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Critics, Discourse and the Afterlives of Rock Icons

Sun, August 12, 10:30 to 11:30am, Pennsylvania Convention Center, Floor: Level 100, 103B

Abstract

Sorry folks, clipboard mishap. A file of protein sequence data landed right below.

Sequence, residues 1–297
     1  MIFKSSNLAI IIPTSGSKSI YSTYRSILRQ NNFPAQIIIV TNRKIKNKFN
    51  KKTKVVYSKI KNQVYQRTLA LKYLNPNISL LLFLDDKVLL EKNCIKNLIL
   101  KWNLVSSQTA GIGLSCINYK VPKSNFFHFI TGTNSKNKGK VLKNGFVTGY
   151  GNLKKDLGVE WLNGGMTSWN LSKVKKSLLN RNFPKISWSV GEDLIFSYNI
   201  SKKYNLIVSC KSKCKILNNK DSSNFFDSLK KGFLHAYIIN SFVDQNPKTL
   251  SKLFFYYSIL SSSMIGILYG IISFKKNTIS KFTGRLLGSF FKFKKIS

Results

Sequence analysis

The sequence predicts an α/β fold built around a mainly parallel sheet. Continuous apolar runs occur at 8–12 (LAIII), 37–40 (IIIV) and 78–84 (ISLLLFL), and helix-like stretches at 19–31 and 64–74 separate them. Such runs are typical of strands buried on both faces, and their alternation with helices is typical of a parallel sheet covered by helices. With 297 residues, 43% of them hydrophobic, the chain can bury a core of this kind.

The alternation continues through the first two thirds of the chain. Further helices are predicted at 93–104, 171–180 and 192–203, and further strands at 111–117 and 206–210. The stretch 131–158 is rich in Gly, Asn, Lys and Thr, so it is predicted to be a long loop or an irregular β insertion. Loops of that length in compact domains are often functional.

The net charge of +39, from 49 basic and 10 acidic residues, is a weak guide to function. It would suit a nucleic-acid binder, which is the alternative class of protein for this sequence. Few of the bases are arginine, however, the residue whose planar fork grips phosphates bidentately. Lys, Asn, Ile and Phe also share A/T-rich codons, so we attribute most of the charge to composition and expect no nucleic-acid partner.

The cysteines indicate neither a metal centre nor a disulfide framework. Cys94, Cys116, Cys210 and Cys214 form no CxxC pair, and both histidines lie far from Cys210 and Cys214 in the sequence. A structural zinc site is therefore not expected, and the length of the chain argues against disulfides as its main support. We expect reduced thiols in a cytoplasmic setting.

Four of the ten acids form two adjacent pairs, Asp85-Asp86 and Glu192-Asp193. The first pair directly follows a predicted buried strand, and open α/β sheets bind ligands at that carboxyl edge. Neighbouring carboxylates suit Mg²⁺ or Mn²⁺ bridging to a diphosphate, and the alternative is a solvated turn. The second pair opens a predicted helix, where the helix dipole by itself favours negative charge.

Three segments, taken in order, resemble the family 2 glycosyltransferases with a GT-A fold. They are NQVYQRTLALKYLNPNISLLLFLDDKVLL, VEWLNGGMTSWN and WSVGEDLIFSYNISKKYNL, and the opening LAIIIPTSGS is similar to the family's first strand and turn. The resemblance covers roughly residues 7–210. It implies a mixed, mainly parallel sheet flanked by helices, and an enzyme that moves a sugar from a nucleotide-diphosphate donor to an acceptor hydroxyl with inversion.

While reflecting upon the recurrent boost of album sales following a musician’s death, Steve Jones repeats the old adage in the music industry that “death is a good career move” for popular musicians (2005:3). Death gives musicians an advantage when it comes to sales but also with regard to achieving widespread renown and cultural consecration. Therefore, dying is “a good career move” in terms of economic capital, but also in terms of symbolic capital. As such, death is an essential aspect figuring into the cultural work undertaken by critics and fans as they define artistic reputations and to maintain them posthumously. This case study research draws on album reviews in prestigious North American rock music publications about Joey Ramone, Kurt Cobain, and Tupac Shakur to consider the ways designated rock aesthetes define and maintain iconic reputations. A special discursive shift occurs between evaluations of music released while an artist is alive and posthumous releases. Critics define artistic authenticity by intellectualizing and politicizing rock albums while artists are alive. This discursive norm appears to shift as posthumous releases and re-releases are, in many cases, not evaluated at all. Instead, album reviews about posthumous releases of unheard, remixed and remastered pieces of music tend to forgo the intellectualization or politicization of music while emphasizing the position of the artist in the narrative of rock history. Posthumous narrativization is special because – when it occurs in album review sections – critics narrativize artistic works in such a way that relate them more explicitly and closely to the genre’s sacred canon of art and artists. It is argued that this discursive shift among music critics is a significant component of the sociological process that renders renowned artists into icons and maintains their cultural staying power to posterity.

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